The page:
We assume that the processes of identity formation (Siberian or otherwise) are defined by identity actualization in differing contexts: identity is shaped in situations of interaction or collision with an “other.” It is in such situations of contact that belonging to a social group or community becomes socially significant for an individual. As mentioned above, we are committed to an actionist approach and believe that identity is not given a priori (for example, by birth), nor is it shaped once and forever (for example, during the early stages of socialization). It is continually shaped and actualized in the course of an individual’s interaction with his or her social reality. In accordance with this assumption, our sample was constructed to reflect the variety of life trajectories of people living in Siberia and the variety of their involvement in social and economic activities in Siberia.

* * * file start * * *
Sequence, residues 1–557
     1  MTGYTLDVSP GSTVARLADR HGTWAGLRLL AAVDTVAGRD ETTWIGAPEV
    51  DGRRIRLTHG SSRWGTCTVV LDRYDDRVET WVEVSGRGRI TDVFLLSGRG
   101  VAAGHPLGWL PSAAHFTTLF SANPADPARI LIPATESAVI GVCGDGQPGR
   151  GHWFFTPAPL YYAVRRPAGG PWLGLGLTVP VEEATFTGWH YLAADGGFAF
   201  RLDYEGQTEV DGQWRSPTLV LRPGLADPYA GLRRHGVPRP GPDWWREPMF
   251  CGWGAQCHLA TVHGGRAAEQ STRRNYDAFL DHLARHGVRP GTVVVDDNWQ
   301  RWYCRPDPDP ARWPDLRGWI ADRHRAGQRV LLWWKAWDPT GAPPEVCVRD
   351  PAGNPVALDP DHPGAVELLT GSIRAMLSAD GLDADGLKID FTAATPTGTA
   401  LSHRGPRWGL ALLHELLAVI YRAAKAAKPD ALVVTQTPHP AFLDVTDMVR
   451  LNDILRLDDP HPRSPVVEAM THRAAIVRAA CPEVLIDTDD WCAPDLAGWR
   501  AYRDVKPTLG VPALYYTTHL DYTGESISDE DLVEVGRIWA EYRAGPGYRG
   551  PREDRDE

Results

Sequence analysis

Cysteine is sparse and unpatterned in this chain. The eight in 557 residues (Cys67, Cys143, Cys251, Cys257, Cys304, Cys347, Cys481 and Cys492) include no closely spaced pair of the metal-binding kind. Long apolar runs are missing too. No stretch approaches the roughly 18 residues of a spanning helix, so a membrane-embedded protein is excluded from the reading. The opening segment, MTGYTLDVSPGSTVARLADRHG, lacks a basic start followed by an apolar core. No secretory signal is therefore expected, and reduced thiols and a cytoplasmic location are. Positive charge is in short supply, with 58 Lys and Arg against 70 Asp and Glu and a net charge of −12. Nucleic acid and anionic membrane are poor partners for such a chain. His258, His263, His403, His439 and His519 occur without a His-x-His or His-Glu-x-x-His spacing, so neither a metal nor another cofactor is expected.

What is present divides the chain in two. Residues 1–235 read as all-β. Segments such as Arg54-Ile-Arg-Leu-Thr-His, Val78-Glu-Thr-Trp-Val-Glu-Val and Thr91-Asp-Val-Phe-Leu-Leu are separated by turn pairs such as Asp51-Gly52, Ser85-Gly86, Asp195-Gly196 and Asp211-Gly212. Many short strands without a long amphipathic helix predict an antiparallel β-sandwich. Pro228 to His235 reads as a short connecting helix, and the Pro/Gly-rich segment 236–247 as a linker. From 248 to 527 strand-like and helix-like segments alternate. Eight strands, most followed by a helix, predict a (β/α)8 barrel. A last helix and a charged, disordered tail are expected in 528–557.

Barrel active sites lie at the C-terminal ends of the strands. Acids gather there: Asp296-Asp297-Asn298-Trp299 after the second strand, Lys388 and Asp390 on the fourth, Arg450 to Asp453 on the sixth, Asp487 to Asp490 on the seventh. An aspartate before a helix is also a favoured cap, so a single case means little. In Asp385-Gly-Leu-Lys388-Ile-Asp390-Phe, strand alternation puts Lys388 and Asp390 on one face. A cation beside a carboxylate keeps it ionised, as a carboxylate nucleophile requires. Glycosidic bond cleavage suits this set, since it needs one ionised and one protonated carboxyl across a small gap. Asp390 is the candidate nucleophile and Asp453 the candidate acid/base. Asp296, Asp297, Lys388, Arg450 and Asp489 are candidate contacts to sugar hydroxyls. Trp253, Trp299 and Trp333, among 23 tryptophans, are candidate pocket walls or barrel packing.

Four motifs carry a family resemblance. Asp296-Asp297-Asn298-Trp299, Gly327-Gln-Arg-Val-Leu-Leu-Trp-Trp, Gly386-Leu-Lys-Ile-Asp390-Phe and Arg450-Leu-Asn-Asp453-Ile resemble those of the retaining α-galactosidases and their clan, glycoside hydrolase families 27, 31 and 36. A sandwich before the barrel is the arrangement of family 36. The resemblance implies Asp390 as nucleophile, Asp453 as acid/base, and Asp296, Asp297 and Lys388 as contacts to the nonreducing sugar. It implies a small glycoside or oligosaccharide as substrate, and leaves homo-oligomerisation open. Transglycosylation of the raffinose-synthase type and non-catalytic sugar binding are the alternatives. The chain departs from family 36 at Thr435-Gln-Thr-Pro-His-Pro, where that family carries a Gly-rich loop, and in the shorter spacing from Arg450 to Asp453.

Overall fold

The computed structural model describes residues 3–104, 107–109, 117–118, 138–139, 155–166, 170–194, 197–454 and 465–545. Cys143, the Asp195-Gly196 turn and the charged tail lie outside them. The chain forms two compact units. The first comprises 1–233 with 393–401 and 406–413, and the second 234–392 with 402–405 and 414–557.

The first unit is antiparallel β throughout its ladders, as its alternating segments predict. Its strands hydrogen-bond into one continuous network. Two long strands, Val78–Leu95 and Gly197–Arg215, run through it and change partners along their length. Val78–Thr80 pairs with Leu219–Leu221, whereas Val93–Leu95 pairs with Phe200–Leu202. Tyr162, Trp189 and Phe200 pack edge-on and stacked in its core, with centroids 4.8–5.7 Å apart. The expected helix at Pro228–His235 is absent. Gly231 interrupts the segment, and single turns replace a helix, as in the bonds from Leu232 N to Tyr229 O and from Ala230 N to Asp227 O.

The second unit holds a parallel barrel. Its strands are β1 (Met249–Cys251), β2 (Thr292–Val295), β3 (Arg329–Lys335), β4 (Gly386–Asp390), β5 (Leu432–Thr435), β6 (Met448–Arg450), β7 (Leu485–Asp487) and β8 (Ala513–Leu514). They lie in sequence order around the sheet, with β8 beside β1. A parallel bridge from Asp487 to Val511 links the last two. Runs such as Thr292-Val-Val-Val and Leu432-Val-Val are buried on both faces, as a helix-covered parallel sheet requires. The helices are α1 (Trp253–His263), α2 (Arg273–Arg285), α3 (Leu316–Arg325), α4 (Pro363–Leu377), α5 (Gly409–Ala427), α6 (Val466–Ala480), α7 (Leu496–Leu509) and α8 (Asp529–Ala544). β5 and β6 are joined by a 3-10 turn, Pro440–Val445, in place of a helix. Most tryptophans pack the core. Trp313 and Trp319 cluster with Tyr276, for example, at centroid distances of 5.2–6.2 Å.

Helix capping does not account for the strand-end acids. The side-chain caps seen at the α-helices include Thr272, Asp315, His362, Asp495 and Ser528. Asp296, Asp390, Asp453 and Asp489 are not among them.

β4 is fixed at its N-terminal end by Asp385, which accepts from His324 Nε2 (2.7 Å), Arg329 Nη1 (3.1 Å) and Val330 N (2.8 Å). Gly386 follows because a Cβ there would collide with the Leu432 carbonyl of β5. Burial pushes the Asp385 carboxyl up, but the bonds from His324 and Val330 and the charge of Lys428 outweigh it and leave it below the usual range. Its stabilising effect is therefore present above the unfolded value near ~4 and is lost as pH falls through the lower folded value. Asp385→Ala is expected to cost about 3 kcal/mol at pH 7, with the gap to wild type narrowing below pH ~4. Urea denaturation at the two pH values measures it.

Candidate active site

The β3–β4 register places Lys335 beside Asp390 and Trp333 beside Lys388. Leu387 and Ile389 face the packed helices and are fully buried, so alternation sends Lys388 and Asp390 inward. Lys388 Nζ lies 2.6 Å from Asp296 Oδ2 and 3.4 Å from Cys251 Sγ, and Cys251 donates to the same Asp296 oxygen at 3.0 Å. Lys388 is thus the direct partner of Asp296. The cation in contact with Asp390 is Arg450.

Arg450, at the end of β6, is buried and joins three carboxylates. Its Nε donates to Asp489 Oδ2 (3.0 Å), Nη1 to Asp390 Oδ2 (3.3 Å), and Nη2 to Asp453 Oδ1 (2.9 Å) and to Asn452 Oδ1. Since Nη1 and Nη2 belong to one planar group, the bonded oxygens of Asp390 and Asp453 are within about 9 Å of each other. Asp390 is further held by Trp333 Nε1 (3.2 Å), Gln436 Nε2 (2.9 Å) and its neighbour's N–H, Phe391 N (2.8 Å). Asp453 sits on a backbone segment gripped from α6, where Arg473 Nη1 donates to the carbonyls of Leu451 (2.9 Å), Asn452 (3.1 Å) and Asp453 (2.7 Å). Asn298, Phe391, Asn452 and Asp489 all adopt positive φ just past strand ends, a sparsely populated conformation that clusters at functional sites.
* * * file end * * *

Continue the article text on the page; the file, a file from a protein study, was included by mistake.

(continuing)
In order to capture intra-regional diversity we conducted our study in three large Siberian cities: Novosibirsk, Omsk, and Irkutsk. Novosibirsk, located in the southwestern part of Siberia, is a young (founded in 1893), dynamic city—the industrial, cultural, and scientific center of the “new Siberia.” The eastern city of Irkutsk, founded in 1661, has been known as the center of “old Siberia” since the Tsarist era. Its population is more historically “rooted” in Siberia than the population of newer Siberian cities. The city’s location near the famous Lake Baikal, as well as its proximity to China and the Far East region, also contribute to the peculiarities of citizens’ self-perceptions. As for Omsk, it combines features of old and new Siberia being, on the one hand, a Russian historical center founded in 1716 and, on the other, a bustling industrial and trade center with more than a million inhabitants. The geographic location of Omsk is also quite peculiar: it sits at the conjuncture of two borders—the western border of Siberia and the border between Russia and Kazakhstan. Such peculiarities of historical development and geographical location of these three cities allow us to examine some of the regional diversity of Siberian identities.